On May 14, the US Marines announced the deployment of 200 marines to Sicily, in southern Italy, as a “crisis response” force for Libya. They did so at the behest of the US State Department, who at the time insisted there was no specific threat, nor any imminent plan to evacuate the embassy in Tripoli.
Just four days later, General Khalifa Hifter and his self-proclaimed Libyan National Army attacked Tripoli, took over parliament, and announced his intention to “purge” the nation of Islamists, starting with the parliamentarians themselves.
It’s Gen. Hifter’s second attempted coup this year, and seems to be going quite a bit better than the February fiasco, which began with statements announcing his takeover, and never really expanded much beyond that. The timing of the marine deployment suggests this latest move did not come as a major surprise to the administration, but Hifter’s US connections may run much deeper.
Gen. Hifter got his start, and his generalship, as a close ally of Moammar Gadhafi, but changed sides when he was captured during the failed late 80’s invasion of Chad. Released at the behest of the US, after which he was set up as a military leader in the National Front for the Salvation of Libya (NFSL), a rebel faction based out of Chad which was backed by the CIA.
The NFSL didn’t last much longer in Chad, however, as a takeover of Chad by Gadhafi ally Idriss Deby led the US to evacuate the rebels. Hifter quietly relocated to the DC suburbs after that, and lived there through 2011, when he left to declare himself a rebel leader during the fight that ousted Gadhafi.
His post-revolution career has been perplexing, as Gen. Hifter has hung around in Libya, and often claimed to be a leader, if not the leader, in the Libyan military, but never seems to have been formally appointed to any post of serious power.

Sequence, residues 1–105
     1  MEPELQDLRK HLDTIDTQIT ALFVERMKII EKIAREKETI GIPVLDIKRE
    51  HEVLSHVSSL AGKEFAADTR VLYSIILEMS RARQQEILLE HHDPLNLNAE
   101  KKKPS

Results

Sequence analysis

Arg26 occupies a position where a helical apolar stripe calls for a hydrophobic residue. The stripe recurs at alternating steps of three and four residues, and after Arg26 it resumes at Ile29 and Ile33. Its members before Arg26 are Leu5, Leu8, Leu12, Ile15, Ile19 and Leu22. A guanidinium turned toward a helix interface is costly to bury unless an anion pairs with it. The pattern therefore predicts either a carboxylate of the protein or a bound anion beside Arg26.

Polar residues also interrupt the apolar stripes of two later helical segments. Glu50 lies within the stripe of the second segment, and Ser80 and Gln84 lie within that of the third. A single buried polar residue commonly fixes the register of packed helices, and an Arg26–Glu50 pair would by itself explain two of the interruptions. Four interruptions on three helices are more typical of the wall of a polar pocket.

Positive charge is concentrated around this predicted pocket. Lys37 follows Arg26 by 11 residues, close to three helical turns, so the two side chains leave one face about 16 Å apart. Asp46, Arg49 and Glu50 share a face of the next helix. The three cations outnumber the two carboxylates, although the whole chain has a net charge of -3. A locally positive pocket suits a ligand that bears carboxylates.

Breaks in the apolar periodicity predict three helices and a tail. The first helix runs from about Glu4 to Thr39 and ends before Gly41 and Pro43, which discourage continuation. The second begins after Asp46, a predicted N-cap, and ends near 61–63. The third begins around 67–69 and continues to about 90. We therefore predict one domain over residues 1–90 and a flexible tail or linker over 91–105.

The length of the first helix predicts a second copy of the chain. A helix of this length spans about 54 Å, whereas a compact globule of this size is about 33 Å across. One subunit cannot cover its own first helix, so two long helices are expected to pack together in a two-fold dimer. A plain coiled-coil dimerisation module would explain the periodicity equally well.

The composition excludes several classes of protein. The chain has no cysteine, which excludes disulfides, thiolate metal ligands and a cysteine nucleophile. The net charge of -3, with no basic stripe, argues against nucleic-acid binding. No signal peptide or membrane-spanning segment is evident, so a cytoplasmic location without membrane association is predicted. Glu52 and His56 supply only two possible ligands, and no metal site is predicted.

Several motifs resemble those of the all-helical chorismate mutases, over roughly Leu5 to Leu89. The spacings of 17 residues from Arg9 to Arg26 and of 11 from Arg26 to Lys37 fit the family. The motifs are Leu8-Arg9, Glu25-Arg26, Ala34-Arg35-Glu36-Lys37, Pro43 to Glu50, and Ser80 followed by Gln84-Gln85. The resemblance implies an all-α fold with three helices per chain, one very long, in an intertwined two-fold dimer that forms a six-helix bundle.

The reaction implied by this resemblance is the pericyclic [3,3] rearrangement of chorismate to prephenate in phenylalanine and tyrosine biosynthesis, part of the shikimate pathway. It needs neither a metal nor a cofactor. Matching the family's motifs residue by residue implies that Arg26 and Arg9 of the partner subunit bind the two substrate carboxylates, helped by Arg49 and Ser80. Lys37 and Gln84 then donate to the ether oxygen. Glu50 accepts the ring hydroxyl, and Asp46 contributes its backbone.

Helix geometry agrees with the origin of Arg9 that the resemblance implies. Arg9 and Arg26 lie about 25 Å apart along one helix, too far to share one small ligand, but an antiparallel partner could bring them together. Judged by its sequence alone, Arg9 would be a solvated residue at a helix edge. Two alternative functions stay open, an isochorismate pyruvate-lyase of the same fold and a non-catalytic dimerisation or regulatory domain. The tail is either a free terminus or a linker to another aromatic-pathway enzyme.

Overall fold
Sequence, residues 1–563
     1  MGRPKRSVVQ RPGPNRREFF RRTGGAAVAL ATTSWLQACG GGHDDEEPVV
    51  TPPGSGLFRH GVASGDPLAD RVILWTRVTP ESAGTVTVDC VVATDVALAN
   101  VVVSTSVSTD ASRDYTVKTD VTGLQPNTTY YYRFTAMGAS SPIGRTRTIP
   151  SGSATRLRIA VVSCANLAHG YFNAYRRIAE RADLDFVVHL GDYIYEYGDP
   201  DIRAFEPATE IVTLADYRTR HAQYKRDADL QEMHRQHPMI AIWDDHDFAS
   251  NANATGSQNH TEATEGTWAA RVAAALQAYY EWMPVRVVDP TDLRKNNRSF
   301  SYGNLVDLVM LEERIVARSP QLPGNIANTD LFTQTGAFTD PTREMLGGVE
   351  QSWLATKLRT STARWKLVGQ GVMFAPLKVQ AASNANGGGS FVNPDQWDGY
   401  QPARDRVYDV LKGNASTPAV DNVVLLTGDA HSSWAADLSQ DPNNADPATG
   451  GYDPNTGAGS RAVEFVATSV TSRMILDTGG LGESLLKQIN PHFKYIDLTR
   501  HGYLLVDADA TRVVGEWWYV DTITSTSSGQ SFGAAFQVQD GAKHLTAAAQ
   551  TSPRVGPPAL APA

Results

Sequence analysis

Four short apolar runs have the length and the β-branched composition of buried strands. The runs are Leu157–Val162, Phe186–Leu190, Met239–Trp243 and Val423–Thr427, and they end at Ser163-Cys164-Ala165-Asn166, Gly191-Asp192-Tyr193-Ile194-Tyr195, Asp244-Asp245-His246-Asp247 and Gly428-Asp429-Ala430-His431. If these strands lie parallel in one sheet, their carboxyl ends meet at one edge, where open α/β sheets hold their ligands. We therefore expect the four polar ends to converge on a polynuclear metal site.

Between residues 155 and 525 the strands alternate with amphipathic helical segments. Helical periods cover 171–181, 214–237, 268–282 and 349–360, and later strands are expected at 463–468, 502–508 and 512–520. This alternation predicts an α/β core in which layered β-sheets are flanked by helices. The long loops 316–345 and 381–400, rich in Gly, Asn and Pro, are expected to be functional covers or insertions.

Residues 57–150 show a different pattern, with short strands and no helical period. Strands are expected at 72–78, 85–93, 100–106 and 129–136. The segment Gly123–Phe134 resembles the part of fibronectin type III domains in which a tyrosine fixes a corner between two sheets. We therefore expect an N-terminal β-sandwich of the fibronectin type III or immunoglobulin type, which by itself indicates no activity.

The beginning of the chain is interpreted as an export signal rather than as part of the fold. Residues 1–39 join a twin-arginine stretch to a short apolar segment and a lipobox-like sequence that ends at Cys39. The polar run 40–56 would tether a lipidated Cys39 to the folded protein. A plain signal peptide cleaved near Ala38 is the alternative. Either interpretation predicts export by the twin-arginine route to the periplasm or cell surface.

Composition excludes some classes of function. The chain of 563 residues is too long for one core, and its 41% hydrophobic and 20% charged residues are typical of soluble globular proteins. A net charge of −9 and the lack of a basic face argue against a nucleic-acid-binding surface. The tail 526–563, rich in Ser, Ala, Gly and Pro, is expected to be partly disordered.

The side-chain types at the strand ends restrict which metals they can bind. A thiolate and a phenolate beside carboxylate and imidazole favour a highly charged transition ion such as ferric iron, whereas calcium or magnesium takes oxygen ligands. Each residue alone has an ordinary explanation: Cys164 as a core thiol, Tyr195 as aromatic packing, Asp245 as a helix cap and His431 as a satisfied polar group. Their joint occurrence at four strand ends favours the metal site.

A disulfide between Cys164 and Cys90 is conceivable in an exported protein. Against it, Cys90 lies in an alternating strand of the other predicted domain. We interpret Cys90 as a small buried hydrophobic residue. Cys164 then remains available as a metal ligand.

Eventually, the general got his army, or at least his self-styled army, forming the Libyan National Army, which has no official connection to Libya’s actual army, but inexplicably has at times been able to muster attack helicopters and artillery in attacks on Islamist groups. The “army” has been fighting an on-again, off-again crusade against Islamist factions, with the government of former Prime Minister (and former NFSL leader) Ali Zeidan mostly looking the other way.
His attack on Benghazi on Friday seemed to change things considerably, and the new Libyan government was harshly critical of the operation, even sending the real military to the outskirts of the city to prevent either side from bringing more reinforcements to the battle.
Instead of being chastened by his lack of a government imprimatur, Hifter’s forces marched straight for Tripoli, and by Sunday had taken over the airport and parliament. General Hifter has since castigated parliament as a den of Islamists,
Whether the coup lasts remains to be seen, but he hit parliament just hours after Prime Minister Ahmed Malteeq finally formed the first post-Zeidan government, after two months of infighting over cabinet positions,
Though a self-described independent, Prime Minister Malteeq was openly backed by several Islamist parties in the battle for premiership, which no doubt played a role in Gen. Hifter’s objection to his government.
Gen. Hifter has bragged about his US backing in the past, though exactly where he stands with the US at present is as unclear as where he stands within Libya’s military command. Anticipatory actions ahead of the coup, however, suggest that whatever prompted Hifter’s attack, it was not a surprise in the US.
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